7. I admit I’m also fonder of covers with smart graphic design than straight-up “photo of person” or even “painting of spaceship/group of armored people on horseback/??”. But shopping by cover? In bookstores or libraries, it’s usually just the spine that’s visible, so actually that’s how the judging-book-by-cover usually goes for me — 6″ by 1.5″ worth of color, typography, and titling. Harsh world.

  8. [Deleted for (perhaps unintentionally) attempting to drag Internet drama from elsewhere into this space. Let’s not, please – JS]

  9. Hello Kai, I made a number of revisions to the novel after taking consultation on culture and race issues from several people. I gave it a lot of thought. I’m not able to judge how successful I was in addressing concerns that were raised, but I tried my best. Thanks for your interest. — Tricia

  10. Might get this one for my girlfriend; think she’d appreciate the protagonist (she practices a Japanese MMA style).

    Overall, it sounds interesting. Kind of wondering how much punching evil in the face there is. Always a big fan. Which version is better for Tricia (since she’s reading the comments), kindle or hard copy?

  11. I’d be grateful for anyone reading any version, kindle, hard copy, or library…thanks :-)
    (And I may be slow on comment responses depending on where I am, but I will of course read all of the comments.)

  12. I appreciate cover art that doesn’t fall prey to the ‘exaggerated female form in improbable poses’ trope that seems to be how female fighters are portrayed currently. That or the fantasy breastplate more likely to cause injury than prevent it. This cover looks more like Vasquez from Aliens, ready to kick ass and take names if needed.

    I’ve taken to ordering some of the Big Idea books for my own Kindle, and if they turn out good, passing them on to our library system’s selection committee.

  13. It’s great to see libraries getting some love.

    On cover art: it’s always interesting to me how widely people’s tastes vary. I’ve been living in the UK for nearly 20 years now, and when I first came here I was struck by the different book cover aesthetic. I’m trying to capture what it was; it’s hard to frame on a single characteristic. They are more austere in the UK, maybe?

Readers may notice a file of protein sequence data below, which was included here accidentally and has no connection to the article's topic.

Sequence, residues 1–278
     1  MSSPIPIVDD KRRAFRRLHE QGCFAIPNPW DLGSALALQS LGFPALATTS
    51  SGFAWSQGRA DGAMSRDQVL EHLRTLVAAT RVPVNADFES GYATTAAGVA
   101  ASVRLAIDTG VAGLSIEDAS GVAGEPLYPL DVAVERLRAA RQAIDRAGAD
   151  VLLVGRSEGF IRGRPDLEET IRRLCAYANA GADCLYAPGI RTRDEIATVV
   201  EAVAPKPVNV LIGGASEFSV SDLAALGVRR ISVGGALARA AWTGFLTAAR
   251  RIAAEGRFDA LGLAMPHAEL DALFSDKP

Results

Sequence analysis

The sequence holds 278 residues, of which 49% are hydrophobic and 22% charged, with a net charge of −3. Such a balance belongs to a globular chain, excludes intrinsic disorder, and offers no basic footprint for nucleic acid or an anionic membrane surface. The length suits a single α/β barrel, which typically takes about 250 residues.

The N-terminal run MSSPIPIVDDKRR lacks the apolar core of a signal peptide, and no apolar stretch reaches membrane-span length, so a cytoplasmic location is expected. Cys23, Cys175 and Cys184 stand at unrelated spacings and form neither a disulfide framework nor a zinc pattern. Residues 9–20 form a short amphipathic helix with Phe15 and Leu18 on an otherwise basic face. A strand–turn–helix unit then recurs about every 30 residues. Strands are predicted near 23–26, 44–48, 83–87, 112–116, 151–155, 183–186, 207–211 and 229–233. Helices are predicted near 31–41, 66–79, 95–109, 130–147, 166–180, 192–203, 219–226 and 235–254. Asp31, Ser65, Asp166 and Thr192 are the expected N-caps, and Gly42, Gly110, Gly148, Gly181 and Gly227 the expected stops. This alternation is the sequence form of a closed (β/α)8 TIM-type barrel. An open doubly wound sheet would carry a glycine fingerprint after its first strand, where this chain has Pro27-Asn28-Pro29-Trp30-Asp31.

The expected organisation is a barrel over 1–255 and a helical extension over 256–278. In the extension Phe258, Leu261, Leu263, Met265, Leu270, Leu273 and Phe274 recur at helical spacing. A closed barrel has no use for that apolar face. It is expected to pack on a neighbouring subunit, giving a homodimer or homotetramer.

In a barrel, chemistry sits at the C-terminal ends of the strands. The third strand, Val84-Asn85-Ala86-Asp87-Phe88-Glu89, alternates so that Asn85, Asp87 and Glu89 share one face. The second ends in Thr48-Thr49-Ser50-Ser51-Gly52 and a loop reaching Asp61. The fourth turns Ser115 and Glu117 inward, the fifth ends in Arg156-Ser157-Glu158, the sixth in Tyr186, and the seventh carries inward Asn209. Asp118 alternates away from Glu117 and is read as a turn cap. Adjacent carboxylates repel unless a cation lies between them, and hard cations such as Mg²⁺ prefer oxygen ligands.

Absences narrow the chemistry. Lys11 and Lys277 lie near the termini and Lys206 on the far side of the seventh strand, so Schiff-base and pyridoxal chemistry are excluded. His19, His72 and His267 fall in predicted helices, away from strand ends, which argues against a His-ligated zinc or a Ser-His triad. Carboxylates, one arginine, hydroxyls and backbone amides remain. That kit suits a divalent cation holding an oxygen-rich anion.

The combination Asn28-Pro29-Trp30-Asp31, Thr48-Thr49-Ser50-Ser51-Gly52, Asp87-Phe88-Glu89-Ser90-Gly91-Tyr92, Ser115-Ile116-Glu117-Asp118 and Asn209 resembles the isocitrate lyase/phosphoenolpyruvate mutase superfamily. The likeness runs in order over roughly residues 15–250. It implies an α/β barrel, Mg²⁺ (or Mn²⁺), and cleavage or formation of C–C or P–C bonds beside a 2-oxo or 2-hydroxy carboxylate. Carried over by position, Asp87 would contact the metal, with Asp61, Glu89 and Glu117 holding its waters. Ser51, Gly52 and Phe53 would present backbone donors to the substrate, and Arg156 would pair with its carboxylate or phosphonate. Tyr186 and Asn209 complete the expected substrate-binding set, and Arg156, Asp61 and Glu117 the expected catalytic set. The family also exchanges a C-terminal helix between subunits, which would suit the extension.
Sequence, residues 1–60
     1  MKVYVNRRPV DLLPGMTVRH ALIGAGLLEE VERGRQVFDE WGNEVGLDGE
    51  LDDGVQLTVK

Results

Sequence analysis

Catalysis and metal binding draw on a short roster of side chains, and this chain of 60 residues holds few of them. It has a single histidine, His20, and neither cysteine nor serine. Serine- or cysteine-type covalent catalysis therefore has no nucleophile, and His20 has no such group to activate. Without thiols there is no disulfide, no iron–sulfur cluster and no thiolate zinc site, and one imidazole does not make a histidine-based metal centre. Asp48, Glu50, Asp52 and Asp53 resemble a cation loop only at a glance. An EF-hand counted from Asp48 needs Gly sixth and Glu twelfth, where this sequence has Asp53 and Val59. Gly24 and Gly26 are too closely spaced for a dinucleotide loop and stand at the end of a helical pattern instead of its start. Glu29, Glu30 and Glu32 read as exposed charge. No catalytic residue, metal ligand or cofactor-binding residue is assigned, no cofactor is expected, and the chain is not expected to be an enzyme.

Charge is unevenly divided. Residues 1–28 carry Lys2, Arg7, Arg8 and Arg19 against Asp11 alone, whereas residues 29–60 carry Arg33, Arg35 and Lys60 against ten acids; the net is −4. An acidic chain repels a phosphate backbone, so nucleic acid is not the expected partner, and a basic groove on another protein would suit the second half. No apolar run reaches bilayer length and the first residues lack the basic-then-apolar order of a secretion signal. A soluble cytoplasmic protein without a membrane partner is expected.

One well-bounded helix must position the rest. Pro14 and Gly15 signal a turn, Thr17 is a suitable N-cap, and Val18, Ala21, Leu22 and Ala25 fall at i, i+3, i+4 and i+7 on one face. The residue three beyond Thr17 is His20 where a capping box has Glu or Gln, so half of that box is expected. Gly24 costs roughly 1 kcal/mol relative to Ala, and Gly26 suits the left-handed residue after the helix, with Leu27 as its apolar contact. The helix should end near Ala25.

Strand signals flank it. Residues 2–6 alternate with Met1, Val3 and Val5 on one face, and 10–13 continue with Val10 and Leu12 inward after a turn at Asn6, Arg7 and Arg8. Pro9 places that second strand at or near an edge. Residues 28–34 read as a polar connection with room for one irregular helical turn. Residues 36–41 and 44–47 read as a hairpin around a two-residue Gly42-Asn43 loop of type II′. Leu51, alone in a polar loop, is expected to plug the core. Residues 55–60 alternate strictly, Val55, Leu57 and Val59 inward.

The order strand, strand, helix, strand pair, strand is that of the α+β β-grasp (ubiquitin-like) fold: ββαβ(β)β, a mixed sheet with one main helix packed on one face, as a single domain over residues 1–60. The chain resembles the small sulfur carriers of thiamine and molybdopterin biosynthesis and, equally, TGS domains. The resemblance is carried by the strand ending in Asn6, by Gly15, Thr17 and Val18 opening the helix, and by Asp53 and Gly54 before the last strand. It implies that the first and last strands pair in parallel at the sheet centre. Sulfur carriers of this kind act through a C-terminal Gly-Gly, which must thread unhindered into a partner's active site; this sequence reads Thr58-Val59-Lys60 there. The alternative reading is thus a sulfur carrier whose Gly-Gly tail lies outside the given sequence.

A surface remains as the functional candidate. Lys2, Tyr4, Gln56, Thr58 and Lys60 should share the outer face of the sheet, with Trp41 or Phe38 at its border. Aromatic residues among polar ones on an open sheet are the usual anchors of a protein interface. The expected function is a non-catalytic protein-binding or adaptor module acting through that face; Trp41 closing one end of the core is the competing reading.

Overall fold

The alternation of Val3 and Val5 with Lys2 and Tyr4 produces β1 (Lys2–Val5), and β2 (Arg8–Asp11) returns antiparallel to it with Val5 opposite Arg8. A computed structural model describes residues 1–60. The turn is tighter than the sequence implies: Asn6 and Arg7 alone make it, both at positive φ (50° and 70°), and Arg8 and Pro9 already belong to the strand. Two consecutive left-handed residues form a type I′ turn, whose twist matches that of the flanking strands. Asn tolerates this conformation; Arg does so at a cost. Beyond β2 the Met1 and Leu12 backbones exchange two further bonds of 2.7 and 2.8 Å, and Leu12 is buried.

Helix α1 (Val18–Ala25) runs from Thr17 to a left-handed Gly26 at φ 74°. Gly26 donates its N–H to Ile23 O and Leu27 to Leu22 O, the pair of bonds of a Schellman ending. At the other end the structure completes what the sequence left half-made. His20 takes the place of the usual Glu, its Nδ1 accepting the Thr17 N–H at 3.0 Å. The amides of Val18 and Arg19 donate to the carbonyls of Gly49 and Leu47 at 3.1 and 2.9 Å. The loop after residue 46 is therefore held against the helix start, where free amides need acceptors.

I don’t know how long those differences can last with so many UK publishers subsidiary to larger international groups and deals now often being done on a world English language rights basis. While it persists, I think it speaks to the way images are received differently in different cultures. And of course each of us are so different as individuals.

    Fwiw, this cover was designed by a US-based artist for a small UK company based on an idea by me–which is the first time I’ve been asked for input at the very beginning of the process (and this is my 11th novel). Mostly I’ve had no input at all, which you guys probably already know is fairly typical.

    I know that one time I complained about a cover concept one of my earlier books was given and the artist eventually worked from a sketch I sent in, I thought the result was MUCH BETTER and they used it, but everyone else hated it and the book tanked. So after that I sat on my hands and kept my mouth shut. For, like, almost 15 years. Until now.

    If @Richard upthread is reading this he’s probably going, ‘Yup, that explains everything.’ ;-)

  14. The book sounded intriguing even before the mention of a supernatural aspect, but that moved it into the “hmmm, I might need to buy this” category.

  15. I have been following Whatever for several years now, I almost always note the title of any book that is listed as a big idea to follow up later. Today is the first time I purchased the book as soon as I reached the link at the bottom of the page. Hopefully by the time I finish typing this it will have finished downloading

Comments are closed.